• Husein Sakerwala


According to the Federation of Indian Chambers of Commerce and Industry (FICCI), the Indian private security market was estimated at INR 99,000 crore (~USD 15.2 billion) by 2020 and is likely to touch INR 1.5 lakh crores (~USD 23.1 billion) by 2025 (as per latest industry estimates).
As per the Ministry of Defence Annual Report (2018) and Director General Resettlement Report (2022), nearly 60,000 armed forces personnel retire or are released from active service every year. Most of them are in the comparatively younger age bracket of 35 to 45 years and need a second career to support their families.
The availability of trained and experienced manpower like military veterans, looking for a second career, fills the void and forms a strong symbiosis with the manpower
deficit of the private security domain of India. All skills that are prerequisites for a good security professional are inherently displayed by veterans (Dustin Salomon, 2021a).
However, there remains a shortfall of manpower of about 30% with a potential to generate a large number of jobs in India (FICCI, 2016). The private security sector in India will need trained, disciplined and experienced manpower to lead and govern the industry as it grows.
Despite the shortfall of manpower in the private security industry in India, there still exists a large gap in the number of military veterans joining the security domain in India. The gap could be possible due to lack of awareness or pre-conceived notions about the private security field amongst personnel who are retiring from service. Further, guards in India have traditionally been known as ‘Chowkidar’, which in ordinary parlance means a watchman or a gatekeeper. Gate-keeping, in the eyes of the Indian public, is generally perceived to be a petty-job devoid of any skills or cognition.
With the growing complexity of societies, the watchman has transcended to ‘security guard’ or even to a higher level called ‘security professional’. Over last four decades or so, manned guarding in India has evolved from ‘Chowkidaari’ to ‘ManTech’ soon morphing to ‘TechMan’ before settling into full the blown TSM (Total Security Management) or TSS (Total Security Solution) format with the convergence of physical guarding, electronic security & surveillance, cyber security and internal threats as a packaged end-to-end service (CISS India, 2019).
In summary, the role of private security has been upgraded to much more than a mere gatekeeper. There is a need for a better understanding of the partnership between
Private Security Domain in India and Indian Military Veterans. More specifically, the following research questions need to be addressed:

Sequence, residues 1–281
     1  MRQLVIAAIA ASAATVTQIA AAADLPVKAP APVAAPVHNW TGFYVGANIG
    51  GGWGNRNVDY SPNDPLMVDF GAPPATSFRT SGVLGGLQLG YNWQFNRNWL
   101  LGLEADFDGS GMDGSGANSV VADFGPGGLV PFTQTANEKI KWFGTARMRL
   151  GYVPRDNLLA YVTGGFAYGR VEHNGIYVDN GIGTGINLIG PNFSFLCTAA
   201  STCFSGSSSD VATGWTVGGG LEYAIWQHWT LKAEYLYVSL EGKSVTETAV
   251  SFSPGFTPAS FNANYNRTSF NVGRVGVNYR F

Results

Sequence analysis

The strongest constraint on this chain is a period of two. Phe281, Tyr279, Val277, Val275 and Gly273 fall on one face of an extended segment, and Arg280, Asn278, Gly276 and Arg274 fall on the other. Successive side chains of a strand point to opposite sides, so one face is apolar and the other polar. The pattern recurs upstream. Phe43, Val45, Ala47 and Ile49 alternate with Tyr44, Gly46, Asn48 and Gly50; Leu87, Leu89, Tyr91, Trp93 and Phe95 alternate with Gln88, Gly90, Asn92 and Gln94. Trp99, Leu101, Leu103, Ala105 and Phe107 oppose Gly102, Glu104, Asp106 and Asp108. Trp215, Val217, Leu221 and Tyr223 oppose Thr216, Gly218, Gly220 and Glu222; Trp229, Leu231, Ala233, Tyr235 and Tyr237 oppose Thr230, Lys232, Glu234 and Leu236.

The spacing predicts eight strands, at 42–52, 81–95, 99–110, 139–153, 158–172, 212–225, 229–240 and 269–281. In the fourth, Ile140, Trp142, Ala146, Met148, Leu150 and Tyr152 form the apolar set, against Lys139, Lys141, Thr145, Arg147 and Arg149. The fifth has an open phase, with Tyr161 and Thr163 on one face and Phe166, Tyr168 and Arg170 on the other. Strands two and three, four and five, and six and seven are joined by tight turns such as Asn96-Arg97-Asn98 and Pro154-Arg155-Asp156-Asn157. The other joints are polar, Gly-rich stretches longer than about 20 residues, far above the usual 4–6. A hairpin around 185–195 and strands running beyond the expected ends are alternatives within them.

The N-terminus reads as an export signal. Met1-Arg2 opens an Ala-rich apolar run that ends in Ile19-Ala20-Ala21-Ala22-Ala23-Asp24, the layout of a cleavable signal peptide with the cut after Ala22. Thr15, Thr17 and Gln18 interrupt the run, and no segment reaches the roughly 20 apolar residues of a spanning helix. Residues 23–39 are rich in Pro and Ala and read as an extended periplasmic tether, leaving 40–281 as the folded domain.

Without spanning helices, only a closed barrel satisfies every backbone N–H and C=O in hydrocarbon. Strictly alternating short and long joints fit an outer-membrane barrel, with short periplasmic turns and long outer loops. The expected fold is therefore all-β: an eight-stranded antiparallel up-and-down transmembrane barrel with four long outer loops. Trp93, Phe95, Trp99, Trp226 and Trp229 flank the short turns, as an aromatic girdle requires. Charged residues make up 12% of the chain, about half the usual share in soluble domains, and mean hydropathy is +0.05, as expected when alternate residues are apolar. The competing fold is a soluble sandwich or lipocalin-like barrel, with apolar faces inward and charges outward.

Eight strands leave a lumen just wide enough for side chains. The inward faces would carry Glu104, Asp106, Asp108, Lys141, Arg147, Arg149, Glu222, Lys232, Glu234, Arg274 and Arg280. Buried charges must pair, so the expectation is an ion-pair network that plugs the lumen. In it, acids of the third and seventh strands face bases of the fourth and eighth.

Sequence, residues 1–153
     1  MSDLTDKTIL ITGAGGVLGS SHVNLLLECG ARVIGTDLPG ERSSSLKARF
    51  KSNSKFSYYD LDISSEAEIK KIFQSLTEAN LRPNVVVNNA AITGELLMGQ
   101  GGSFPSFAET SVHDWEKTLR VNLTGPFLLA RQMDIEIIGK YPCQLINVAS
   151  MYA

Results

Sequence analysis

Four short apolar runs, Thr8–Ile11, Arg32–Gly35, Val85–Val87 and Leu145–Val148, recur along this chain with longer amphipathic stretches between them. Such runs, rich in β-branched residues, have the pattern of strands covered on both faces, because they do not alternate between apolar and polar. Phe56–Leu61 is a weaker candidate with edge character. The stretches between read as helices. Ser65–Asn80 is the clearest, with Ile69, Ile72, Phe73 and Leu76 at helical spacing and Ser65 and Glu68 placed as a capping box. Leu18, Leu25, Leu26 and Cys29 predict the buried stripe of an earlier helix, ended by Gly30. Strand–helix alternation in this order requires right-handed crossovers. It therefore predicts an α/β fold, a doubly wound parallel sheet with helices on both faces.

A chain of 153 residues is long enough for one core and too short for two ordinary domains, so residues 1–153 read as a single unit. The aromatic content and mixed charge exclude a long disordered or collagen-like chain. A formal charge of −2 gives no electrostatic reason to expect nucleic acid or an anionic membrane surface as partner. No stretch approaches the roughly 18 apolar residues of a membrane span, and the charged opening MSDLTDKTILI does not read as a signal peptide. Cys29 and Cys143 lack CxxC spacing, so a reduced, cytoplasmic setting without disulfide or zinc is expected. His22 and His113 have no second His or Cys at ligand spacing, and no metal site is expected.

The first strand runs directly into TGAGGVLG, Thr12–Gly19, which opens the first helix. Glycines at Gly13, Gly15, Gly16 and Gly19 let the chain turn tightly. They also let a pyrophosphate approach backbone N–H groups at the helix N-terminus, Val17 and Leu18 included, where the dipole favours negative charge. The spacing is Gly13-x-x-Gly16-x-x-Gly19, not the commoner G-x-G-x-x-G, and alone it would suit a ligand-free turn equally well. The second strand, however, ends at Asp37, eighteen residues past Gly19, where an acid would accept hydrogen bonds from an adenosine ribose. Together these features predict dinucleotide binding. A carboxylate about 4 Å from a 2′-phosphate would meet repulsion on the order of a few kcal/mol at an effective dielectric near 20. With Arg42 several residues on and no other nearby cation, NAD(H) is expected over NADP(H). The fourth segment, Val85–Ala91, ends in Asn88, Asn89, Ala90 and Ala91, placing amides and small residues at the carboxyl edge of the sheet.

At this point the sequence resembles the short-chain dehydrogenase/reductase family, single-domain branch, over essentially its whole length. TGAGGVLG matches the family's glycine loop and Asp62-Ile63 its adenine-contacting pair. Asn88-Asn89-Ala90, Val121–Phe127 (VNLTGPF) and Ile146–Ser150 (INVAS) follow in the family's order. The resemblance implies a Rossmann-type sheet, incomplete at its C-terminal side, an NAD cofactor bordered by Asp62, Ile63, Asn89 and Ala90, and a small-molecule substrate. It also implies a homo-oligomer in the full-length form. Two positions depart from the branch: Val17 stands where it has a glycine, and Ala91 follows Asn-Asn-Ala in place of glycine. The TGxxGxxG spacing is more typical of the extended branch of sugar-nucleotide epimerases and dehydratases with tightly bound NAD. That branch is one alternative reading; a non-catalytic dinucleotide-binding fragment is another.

a) How is the private security industry in India suitable and lucrative as a second career by military veterans?
b) What skills and qualities do veterans contribute to the Private Security industry?
c) How do military veterans impact the Private Security domain in India?
d) How do organisations in India stand to benefit by hiring military veterans in their private security?
The proposed research has a long-term goal of providing a better understanding of the symbiotic relation between trained and experienced Indian Military Veterans (Dustin Salomon, 2021a) and the booming Private Security industry in India (FICCI, 2016). The aim of this research is to study the private security domain in India and how military veterans make an impact and/or contribute to this sector. The research will identify the additional skills and traits that veterans bring to private security. The research will also provide a reference to military personnel, who are in the process of retiring, to consider Private Security as a respectable second career. Finally, the research will also undertake a study on how Indian military veterans have shaped, lead and contributed to the Private Security Industry in India worth USD 23 billion (FICCI, 2016).
Particularly, the study has the following objectives:
a) What are the prospects of Private Security domain in India?
b) To demonstrate that the Private Security Sector in India is a good second career option for Military Veterans and Agniveers.
c) To identify the inherent skills that make military veterans good private security professionals.
d) Future prospects of Private Security Industry in India.
The outcome of this research will be helpful and valuable to Indian Military Veterans as well as the Private Security sector of India. If military veterans choose the private security domain in India as a second career, it may be responsible for providing employment to a large number of military veterans. In turn, the private security domain of India stands to benefit with the availability of highly trained and experienced personnel to lead the emerging industry. The research may directly contribute to the resettlement of many veterans and provide employment opportunity to a large number seeking a second career in India. The research will also impact the private security industry




How to Cite

Sakerwala, H. (2023). PRIVATE SECURITY BUSINESS/ DOMAIN IN INDIA (IMPACT ON MILITARY VETERANS’ EMPLOYMENT). Global Journal of Business and Integral Security. Retrieved from